First of all, it’s not chess it’s shatranj. And yes the rules are different. In chess, the queen is the terror of the board. In shatranj nothing is more powerful than the rook. The humble piece that sits next to the king is the farzin, a wretched civil servant that can move only one square diagonally. There are more differences, but this isn’t about modern chess versus authentic shatranj, it’s a confession. We Iranians cheated in the very first game of shatranj ever played.
In our defense, we didn’t start the whole affair, the Indians did. We were minding our own business when they showed up with thousands of camels, elephants and horses laden with treasure for our king Kesra Nushin Ravan. The Indians could have just paid our tribute and left us alone until next year’s extortion money was due. As I said we liked to mind our own business. But the Indians had come up with an imaginative way of saying, “We’re not happy paying you.
Their creative and non-violent protest came in the form of a fetching eight by eight square board populated by little figurines that looked like horses, elephants, chariots, kings and such. If the sages in the Iranian court could fathom the rules of this game then the Indian maharajah would keep paying us protection money. If our best and brightest failed, then this showed we weren’t as smart as the Indians. And who’d want to pay tribute to dummies.
Of course the Indians knew the score. If Iranians couldn’t figure it out, they’d just say, “Pay us or else” and the maharajah would quickly pay, nothing lost. But at least he would have the satisfaction of proving we were less refined than they. For a nation who values culture as much as India, that’s worth a few high fives.
Kesra Nushin Ravan called his genius grand vizier, Bozorjmehr, and showed him the game. Bojorjmehr could see right away that the rules of the game cannot be inferred from just the pieces and the board. We can see this because modern chess and shatranj have different rules, yet they can be played with exactly the same board and pieces. So Bozorjmehr cheated by making up his own rules. I’m sure he also sent spies out to find the real rules, which he kept in mind. But in proper imperialist fashion he thought to himself, “I don’t care how they’ve been playing the game so far; this is the way they’re going to be playing it from now on. Serves them right for getting uppity.” Naturally the Indians had to fake amazement at how the king’s grand vizier had “figured out” their game.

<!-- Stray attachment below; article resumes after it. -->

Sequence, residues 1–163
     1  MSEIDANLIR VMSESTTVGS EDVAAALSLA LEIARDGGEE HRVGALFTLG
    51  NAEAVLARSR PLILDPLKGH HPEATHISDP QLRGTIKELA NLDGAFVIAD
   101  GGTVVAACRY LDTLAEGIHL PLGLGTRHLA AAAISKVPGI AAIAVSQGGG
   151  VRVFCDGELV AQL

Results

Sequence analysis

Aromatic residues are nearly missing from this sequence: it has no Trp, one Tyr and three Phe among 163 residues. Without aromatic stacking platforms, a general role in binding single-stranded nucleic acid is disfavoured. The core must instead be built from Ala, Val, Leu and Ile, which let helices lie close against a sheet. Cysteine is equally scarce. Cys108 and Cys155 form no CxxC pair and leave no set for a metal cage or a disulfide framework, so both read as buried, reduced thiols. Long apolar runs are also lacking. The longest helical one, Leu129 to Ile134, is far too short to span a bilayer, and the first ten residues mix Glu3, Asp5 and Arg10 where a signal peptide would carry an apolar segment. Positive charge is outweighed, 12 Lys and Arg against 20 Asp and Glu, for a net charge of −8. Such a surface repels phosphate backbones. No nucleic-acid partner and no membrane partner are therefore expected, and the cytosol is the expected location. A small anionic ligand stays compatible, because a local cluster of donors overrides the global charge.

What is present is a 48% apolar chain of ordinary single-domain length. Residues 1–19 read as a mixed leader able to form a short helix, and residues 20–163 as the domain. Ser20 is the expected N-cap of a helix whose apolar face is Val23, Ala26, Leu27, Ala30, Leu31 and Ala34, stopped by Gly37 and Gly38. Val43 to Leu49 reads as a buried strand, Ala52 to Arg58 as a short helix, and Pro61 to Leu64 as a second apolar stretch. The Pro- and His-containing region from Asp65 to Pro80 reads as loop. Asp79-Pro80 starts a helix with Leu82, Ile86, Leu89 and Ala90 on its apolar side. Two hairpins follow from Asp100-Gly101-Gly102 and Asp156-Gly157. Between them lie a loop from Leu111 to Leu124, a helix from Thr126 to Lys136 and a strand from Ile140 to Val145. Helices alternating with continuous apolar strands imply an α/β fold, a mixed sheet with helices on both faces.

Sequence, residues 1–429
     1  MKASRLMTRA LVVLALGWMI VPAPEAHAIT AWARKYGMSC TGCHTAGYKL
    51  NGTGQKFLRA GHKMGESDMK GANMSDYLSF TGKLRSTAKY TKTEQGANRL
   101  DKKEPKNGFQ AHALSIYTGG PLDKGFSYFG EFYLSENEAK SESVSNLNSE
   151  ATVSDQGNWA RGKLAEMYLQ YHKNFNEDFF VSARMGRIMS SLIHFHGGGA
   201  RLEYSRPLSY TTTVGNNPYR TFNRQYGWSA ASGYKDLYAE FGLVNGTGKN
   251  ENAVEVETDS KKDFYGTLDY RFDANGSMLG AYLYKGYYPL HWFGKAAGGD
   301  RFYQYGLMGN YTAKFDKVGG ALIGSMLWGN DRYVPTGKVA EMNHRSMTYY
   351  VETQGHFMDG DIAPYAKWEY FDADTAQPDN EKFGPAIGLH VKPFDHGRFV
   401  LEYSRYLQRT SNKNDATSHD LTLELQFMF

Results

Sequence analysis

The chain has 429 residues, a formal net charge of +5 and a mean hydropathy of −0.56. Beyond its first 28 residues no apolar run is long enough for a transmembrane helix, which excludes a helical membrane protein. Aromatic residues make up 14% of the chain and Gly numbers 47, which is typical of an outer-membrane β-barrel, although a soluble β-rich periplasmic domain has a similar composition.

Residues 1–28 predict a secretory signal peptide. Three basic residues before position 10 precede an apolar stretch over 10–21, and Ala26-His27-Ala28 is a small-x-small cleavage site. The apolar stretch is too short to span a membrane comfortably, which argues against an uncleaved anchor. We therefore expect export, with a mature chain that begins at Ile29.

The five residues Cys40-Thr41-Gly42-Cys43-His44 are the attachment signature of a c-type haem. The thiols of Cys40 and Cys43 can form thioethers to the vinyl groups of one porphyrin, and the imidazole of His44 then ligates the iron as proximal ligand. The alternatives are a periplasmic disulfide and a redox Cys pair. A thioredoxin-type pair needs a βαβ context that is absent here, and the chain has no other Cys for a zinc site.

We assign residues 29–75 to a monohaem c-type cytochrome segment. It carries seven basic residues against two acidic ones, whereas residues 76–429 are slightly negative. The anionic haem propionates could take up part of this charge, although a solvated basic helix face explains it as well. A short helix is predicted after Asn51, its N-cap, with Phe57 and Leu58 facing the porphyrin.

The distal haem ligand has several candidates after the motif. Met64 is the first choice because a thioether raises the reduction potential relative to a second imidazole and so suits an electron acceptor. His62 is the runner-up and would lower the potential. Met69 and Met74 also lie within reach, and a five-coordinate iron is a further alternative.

So while it is true that the chessboard and chess pieces were invented in India for the purpose of playing an Indian game called chaturanga, it was an Iranian who invented shatranj, the immediate ancestor of modern chess. Bozorjmehr’s rule changes were backed by Persian military power, and at the time nobody dared call that cheating. Iranian shatranj rules later spread to Europe, and just about the time when Spain was to become the first modern global empire, they (along with the Italians) changed the rules again to pretty much what we see today. In fact the rook, knight, and king move in exactly the same way. The only difference in pawn move is that in shatranj the piece is not ever allowed to move two squares, and there is no en passant. The puny farzin was replaced by a domineering queen, and the elephantine feal (Peal if you’re a Parsi-not-Farsi activist) traded its ability to leap over pieces for longer-range action, in the process being ordained a bishop.
This story about shatranj relies on myth and speculation. There’s no historical proof that Bozorjmehr invented the rules of shatranj. But encoded in those rules is an intriguing peculiarity that may be a sign from him. Unlike others in the Persian court, Bozorjmehr was probably not born into nobility. In the Sassanian dynasty’s quasi-caste system he must have defied astounding odds to make it all the way to the top to become vizier. Which rule of chess does this remind you of?
1. Here are the original rules of shatranj.
2. Here’s a Java script that plays authentic shatranj. If you succeed in loading and running it (big hassle), you will see that it is a very poor player. But it gives you an idea of the delicate feel of shatranj as compared with modern chess.
3. Here is a shatranj puzzle, which for some reason remained unsolved for a thousand years. It has reportedly been solved in the last couple of decades.
4. The name spellings of king and vizier are taken from Dick Davis’ Shahnameh. Ferdowsi tells this story differently with a sanitized narrative.